• 7.1% more rabbits (2,731 compared to 2,549);
• 6% more other pets (5,900 compared to 5,566).
The RSPCA’s Animal Kindness Index - released earlier this year - highlighted the impact the cost of living crisis is having on pet owners. The survey found that 68% of pet owners were concerned about the increasing cost of pet care while 19% were worried about being able to afford to feed their pets.
Figures released by the charity in August revealed that its cruelty line was receiving more than 100 reports a day of animals being abandoned throughout 2021; and the concern is that the cost of living crisis could lead to this riding even higher.
Long-stays looking for love
The RSPCA is searching for homes for hundreds of animals at the moment, with many more in its care who are not quite ready to go to their new families. Here are some of their longest-stay residents:
• Four-year-old terrier Yoko arrived at Cotswolds Dogs & Cats Home, Gloucestershire, in May 2021 and has been patiently waiting for her forever home for a very long 19 months. He’s a cheeky chap with a big personality but he has a strong hunting drive so will need owners who understand this. He’s very clever and needs lots of stimulation to keep him busy.
• Lurcher Clover has been waiting at Bristol Animal Rescue Centre for her forever home for almost 18 months. She’s an active and clever girl who loves spending time with people and playing with bouncy balls. She’s got a high chase instinct so will need to be kept on the lead when out walking but loves to run free in a secure garden or paddock. This loving and affectionate girl is looking for her perfect match and would ideally like an adult-only home without other pets.
• Ten-year-old German Shepherd Jake has spent almost two years waiting for his forever home at RSPCA Southridge Animal Centre, Hertfordshire. He’s a sweet, affectionate boy who loves sitting with you for cuddles and going on long walks. He’s described as ‘everybody’s best friend’ but can be a little nervous of other dogs which causes him to bark so he’s looking for a home with experienced owners who can help him moving forwards.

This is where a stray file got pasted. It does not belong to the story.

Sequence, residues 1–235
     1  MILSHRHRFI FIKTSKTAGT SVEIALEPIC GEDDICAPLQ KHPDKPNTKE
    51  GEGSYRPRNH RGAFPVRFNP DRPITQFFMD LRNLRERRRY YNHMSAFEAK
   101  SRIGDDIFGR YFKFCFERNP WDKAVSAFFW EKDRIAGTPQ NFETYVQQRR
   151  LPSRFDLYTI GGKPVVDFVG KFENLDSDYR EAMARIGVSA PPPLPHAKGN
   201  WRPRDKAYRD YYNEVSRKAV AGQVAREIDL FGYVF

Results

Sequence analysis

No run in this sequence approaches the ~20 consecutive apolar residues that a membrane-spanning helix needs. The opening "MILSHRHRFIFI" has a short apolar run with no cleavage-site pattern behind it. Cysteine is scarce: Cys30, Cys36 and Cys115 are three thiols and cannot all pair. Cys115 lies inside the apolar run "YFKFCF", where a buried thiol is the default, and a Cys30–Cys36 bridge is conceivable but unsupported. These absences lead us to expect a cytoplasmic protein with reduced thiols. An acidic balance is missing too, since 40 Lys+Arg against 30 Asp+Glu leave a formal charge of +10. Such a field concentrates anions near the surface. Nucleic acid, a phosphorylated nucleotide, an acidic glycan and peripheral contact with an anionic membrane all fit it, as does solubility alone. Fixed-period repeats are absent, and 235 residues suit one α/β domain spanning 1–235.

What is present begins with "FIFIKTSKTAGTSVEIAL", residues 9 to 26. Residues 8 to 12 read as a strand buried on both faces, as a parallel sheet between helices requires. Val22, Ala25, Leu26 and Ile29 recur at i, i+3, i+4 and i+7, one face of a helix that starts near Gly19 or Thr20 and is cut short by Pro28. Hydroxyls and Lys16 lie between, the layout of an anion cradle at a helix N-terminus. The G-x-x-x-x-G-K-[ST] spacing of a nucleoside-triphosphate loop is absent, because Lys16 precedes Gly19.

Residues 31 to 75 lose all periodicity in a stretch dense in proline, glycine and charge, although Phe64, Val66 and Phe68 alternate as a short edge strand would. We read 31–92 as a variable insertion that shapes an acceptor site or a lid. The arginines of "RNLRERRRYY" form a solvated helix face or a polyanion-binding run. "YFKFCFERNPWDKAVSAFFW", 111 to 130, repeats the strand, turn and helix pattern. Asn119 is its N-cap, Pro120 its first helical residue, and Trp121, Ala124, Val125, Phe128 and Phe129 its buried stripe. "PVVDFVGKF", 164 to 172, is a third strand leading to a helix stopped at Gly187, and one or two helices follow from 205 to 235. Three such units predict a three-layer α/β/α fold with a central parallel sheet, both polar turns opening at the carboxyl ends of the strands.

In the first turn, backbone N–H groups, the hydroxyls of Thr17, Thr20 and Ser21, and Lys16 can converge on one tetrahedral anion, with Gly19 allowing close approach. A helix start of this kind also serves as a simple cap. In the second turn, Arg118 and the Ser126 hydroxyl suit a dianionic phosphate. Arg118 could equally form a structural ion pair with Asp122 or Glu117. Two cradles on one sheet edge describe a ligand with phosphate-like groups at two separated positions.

• RSPCA Birmingham Animal Centre is hoping to find a special home for a pair of beautiful Alaskan Malamutes who have been in their care for 18 months. Six-year-old Joe and eight-year-old Zac had been living as part of a large pack at a site in Wales and have never lived inside a home before. They’d like a home without other pets or children and ideally would go to someone with experience of the breed. They are big boys (at more than 30kg each) and have big hearts with lots of love to give to the right people.
• Four-year-old German shepherd cross Kobe (pictured) was brought overseas as a puppy before moving to the UK. He was taken in by Stubbington Ark, Hampshire, and has been waiting over a year for his forever home. He can be reactive towards strangers and dogs so needs continued training. He has formed close bonds with our staff and acts like a big puppy around them. He loves toys, cuddles on the sofa and playing new games and learning tricks.
Could you offer a rescue pet a loving new home? Please visit Find A Pet to see all of the animals currently in our care who are looking for their paw-fect match.
If you can’t offer a rescue pet a new home perhaps you could help in a different way?
• Become a fosterer for a sick pet recovering from surgery or a youngster who needs to learn how to behave in a home;
• Help us continue rescuing, rehabilitating and rehoming by donating online or calling our donation line on 0300 123 8181;
• Sponsor a cat pod or a dog kennel and help take care of the animals during their stay with us;
• Support the work of your local centre or branch by becoming a volunteer or donating to them directly.